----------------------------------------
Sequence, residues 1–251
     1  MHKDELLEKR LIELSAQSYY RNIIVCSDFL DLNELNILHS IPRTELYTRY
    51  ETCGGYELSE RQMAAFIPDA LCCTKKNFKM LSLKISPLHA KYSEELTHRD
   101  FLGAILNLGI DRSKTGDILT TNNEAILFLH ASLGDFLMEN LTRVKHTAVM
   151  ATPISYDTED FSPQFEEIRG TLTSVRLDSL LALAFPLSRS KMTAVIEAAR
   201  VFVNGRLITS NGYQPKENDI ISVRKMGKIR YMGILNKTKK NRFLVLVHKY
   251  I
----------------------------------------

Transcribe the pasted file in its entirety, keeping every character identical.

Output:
Sequence, residues 1–251
     1  MHKDELLEKR LIELSAQSYY RNIIVCSDFL DLNELNILHS IPRTELYTRY
    51  ETCGGYELSE RQMAAFIPDA LCCTKKNFKM LSLKISPLHA KYSEELTHRD
   101  FLGAILNLGI DRSKTGDILT TNNEAILFLH ASLGDFLMEN LTRVKHTAVM
   151  ATPISYDTED FSPQFEEIRG TLTSVRLDSL LALAFPLSRS KMTAVIEAAR
   201  VFVNGRLITS NGYQPKENDI ISVRKMGKIR YMGILNKTKK NRFLVLVHKY
   251  I